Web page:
Archaelogists from Poland find the first case of an Egyptian mummy of a pregnant woman
Specialists discovered that the body allegedly of a high priest was actually a 26-28 week pregnant woman
May 01, 2021, (EFE).- The Polish archaeologists who discovered the mummy of a pregnant Egyptian woman a few days ago not only do not know her identity, but also many of the details about her discovery and transport to Poland in 1826.
The three archaeologists, who are part of the Warsaw Mummies Project, were analyzing the Egyptian background of the National Museum when they discovered that the body identified as a high priest named Hor-Djehuti, was actually a 26-28 weeks pregnant woman. , whose identity is unknown.
The anthropologist and archaeologist from the University of Warsaw Marzena Ozarek-Szilke explained to the Polish media that the team was ” about to close the project and send the publication” with the data obtained in 2015.
Then a scan of the embalmed body not only revealed that it was a woman: her husband Stanislaw Ozarek-Szilke, also an Egyptologist, identified by studying the X-ray images “a familiar image” for all those parents, “a small foot (in the belly of the mummy) ”.
“For unknown reasons, the fetus was not removed from the abdomen of the deceased during mummification,” said Wojciech Ejsmond, from the Institute of Mediterranean and Oriental Cultures of the Polish Academy of Sciences, who confirmed his finding by saying that “our mummy is the only one recognized so far in the world with a fetus in the womb “.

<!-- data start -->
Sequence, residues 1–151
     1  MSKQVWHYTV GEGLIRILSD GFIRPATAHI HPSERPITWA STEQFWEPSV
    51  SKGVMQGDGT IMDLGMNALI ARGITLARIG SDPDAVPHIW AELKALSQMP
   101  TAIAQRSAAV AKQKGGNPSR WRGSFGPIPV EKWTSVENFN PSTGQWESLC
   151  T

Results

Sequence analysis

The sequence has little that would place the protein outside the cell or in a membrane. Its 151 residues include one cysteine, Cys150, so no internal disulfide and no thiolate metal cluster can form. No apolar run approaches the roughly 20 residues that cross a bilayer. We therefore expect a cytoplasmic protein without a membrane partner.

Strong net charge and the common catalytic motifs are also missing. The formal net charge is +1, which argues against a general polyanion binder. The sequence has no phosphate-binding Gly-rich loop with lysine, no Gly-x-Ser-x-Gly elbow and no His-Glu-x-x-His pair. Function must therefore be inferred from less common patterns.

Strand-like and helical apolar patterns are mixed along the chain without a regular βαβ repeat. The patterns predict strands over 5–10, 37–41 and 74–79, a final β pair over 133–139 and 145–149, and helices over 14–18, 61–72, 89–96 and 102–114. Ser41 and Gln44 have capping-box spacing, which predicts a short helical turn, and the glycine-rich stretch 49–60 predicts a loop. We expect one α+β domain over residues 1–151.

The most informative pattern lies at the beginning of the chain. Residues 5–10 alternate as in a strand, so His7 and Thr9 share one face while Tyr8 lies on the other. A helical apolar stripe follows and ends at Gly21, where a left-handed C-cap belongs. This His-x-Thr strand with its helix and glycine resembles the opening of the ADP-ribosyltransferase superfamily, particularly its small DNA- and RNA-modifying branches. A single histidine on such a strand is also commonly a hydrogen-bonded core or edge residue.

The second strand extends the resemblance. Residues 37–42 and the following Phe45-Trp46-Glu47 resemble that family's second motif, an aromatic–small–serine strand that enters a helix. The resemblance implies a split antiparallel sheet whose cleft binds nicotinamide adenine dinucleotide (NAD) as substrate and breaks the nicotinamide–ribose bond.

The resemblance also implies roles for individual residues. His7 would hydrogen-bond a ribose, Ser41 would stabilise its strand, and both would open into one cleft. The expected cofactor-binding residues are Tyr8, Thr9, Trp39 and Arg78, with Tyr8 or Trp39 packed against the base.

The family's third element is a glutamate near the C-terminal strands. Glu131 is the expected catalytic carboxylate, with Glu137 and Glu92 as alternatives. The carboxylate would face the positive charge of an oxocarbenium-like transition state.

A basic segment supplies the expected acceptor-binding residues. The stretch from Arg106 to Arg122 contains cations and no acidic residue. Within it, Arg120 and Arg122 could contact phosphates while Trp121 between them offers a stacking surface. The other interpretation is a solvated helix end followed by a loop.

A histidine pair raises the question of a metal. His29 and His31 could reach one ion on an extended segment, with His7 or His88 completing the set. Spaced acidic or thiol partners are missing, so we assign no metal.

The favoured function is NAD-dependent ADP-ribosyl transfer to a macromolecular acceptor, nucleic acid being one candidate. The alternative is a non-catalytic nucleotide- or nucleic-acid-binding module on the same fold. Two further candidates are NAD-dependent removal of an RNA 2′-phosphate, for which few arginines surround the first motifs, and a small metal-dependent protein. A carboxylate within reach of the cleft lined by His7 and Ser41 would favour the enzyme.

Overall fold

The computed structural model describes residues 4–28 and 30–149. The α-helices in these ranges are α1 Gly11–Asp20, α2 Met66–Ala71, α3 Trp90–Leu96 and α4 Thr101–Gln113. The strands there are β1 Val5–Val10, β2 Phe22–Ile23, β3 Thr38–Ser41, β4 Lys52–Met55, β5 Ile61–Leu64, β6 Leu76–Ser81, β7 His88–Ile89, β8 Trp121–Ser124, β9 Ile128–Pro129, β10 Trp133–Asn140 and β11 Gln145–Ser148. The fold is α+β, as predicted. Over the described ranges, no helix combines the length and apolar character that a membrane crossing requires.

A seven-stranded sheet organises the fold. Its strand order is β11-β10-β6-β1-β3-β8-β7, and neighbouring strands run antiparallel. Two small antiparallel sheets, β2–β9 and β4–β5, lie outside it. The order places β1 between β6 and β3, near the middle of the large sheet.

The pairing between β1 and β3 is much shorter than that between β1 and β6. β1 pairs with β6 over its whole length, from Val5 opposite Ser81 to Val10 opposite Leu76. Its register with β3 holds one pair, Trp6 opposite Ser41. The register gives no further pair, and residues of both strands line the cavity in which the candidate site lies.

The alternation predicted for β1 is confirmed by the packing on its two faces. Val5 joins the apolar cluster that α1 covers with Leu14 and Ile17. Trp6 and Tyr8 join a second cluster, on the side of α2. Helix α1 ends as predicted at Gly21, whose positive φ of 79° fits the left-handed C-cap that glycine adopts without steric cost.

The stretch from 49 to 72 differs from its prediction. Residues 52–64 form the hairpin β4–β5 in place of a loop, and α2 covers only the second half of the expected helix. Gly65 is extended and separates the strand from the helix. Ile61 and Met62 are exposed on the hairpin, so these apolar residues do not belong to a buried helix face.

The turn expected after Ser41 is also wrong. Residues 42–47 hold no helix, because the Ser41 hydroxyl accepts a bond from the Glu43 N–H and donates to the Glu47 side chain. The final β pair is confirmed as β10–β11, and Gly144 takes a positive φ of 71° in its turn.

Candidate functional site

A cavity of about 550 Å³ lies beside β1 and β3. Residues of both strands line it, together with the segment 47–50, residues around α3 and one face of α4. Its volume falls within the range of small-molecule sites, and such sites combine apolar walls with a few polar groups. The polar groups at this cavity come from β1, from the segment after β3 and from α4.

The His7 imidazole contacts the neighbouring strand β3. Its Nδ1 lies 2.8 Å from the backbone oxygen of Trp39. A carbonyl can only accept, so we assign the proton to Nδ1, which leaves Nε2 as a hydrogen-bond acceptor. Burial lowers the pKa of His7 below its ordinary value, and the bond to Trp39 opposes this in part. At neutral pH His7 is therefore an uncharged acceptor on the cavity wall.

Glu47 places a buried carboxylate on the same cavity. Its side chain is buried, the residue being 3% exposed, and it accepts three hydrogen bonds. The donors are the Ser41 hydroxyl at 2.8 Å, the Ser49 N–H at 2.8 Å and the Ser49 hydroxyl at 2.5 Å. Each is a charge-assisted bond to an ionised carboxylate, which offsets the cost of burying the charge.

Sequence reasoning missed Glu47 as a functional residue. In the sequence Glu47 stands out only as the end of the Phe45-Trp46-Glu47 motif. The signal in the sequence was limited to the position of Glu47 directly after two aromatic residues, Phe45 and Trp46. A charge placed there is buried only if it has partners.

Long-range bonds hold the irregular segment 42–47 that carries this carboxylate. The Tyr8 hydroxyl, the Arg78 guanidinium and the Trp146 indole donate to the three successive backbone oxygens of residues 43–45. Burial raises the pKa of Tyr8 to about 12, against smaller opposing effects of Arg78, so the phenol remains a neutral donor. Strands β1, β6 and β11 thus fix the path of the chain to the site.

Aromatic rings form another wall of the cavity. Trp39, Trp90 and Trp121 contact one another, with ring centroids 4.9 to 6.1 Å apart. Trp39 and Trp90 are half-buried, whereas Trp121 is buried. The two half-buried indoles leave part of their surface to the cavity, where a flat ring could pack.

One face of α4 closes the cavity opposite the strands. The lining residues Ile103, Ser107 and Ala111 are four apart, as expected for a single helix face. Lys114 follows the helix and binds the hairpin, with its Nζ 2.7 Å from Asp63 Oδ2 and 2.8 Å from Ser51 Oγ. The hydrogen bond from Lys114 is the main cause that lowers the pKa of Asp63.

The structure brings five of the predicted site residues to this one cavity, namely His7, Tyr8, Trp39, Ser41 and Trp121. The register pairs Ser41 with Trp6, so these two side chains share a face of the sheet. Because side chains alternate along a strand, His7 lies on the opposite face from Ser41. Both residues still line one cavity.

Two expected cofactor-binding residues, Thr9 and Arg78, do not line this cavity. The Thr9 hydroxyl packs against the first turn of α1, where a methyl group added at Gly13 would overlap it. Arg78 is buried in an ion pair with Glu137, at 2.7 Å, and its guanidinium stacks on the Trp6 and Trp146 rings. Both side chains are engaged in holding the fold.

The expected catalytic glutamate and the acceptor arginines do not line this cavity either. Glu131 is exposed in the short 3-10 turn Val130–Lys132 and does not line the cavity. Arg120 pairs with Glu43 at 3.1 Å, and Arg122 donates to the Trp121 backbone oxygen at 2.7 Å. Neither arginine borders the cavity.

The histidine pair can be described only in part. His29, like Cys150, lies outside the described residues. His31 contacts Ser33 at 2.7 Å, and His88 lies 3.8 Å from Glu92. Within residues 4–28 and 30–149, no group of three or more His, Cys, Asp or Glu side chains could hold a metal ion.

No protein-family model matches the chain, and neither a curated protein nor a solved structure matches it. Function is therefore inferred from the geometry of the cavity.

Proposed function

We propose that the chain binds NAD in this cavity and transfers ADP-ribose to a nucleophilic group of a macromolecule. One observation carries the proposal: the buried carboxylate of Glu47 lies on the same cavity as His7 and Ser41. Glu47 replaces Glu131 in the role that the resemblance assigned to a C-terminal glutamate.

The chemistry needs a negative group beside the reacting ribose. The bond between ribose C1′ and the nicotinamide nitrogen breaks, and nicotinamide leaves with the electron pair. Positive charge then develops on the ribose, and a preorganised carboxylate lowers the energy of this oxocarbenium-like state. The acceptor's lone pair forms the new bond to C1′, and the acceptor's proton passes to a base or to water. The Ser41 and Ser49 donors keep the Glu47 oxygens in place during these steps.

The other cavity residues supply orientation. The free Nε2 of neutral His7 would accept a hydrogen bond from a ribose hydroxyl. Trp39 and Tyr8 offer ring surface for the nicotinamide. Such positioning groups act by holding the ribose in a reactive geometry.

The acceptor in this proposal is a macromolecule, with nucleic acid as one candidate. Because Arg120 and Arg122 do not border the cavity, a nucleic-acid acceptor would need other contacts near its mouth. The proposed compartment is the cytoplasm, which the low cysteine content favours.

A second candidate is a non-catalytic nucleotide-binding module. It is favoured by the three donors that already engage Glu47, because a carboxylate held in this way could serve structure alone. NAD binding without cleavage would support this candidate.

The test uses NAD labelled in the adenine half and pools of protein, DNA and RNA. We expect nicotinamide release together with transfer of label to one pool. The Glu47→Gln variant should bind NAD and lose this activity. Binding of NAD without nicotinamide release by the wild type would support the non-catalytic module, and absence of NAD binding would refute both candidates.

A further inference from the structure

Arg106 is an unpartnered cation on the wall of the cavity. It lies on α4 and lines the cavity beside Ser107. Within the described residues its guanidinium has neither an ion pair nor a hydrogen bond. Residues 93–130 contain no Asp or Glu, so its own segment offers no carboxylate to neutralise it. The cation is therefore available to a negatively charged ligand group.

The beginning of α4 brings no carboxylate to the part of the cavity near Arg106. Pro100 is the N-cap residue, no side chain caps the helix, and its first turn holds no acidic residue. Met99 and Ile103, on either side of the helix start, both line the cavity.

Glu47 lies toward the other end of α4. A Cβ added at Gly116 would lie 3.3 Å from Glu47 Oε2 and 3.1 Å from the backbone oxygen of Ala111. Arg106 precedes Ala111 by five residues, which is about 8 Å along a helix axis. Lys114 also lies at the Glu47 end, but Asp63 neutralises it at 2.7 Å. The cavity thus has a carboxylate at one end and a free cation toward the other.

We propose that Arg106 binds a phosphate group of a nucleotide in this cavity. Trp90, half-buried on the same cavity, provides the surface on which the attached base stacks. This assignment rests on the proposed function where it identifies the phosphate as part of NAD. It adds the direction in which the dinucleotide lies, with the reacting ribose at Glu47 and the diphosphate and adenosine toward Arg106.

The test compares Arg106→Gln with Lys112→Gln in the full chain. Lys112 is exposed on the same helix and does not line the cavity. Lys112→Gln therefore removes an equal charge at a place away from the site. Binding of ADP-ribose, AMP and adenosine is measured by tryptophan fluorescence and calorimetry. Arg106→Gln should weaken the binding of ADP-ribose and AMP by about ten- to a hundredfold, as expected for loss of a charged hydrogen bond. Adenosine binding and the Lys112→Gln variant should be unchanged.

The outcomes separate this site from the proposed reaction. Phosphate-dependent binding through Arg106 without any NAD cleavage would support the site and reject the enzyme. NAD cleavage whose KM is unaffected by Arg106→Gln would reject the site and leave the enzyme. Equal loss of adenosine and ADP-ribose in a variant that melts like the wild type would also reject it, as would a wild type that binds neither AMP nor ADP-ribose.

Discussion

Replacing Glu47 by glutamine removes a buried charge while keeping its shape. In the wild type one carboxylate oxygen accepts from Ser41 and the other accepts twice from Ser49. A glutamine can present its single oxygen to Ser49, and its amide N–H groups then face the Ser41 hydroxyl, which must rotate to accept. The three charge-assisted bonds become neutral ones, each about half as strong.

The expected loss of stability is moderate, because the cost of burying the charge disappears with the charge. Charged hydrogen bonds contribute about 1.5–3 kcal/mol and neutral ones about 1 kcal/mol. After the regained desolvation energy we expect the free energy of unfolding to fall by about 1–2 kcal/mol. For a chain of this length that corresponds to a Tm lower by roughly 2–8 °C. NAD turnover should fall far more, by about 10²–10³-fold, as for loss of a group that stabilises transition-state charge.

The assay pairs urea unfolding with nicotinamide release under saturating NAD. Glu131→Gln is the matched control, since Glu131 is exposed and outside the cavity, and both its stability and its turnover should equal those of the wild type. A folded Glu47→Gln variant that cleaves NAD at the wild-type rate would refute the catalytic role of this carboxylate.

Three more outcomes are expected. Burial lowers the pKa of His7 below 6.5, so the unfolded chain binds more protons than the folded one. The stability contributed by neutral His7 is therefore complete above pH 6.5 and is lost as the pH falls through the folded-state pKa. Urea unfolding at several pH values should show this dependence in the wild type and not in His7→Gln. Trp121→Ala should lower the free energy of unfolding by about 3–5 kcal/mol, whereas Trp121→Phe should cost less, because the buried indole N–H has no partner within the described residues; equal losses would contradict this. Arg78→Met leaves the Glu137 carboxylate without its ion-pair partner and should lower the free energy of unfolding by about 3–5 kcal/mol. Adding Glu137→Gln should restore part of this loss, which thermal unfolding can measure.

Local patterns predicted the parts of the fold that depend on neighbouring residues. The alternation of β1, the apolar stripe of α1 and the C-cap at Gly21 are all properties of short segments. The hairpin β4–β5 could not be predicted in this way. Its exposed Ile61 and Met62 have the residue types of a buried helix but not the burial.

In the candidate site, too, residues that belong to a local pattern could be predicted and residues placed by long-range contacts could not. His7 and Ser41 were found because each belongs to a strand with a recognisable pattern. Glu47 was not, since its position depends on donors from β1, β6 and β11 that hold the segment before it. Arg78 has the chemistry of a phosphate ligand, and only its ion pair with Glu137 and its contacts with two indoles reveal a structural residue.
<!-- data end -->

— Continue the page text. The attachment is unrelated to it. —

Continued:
Ejsmond, who placed the mother’s age at the time of her death between 20 and 30 years, considered that the pregnancy could have contributed in some way to her death, although she pointed out that “it is no secret that the mortality rate, especially during pregnancy and childbirth, it was very high in those times ”.
For now, the sex of the fetus is unknown, and its poor state of preservation raises many difficulties in this regard, although the discovery “sheds light on an unexplored aspect of ancient Egyptian burial customs and interpretations of pregnancy in the context of the religion of ancient Egypt ”, as published by the scientific team.
The Warsaw Mummies Project is one of the most important in the world in the field of Egyptology and its creators are three doctoral students from the University of Warsaw: Kamila Braulinska, Marzena Ozarek-Szilke, and Wojciech Ejsmond.
Six years ago, scientists proposed to the National Museum in Warsaw to carry out a comprehensive analysis of the animal mummies stored in the museum’s funds, but soon decided that “as we had the means and the technical capacity, it would be a shame not to extend the study. to human mummies, ”explained Braulinska.
The mummy that was identified as the body of Hor-Djehuti, as the inscription on the sarcophagus that contained it read, was donated to the museum in 1826 by Jan Wezyk-Rudzki, a Polish painter, architect, and sculptor believed to be bought from Count Stanislaw Kostka Potocki.
When the mummy was first exhibited in the halls of the National Museum in 1917, newspapers of the time described it as “so beautiful that no other museum has one like it.”
Source: ArtNet News
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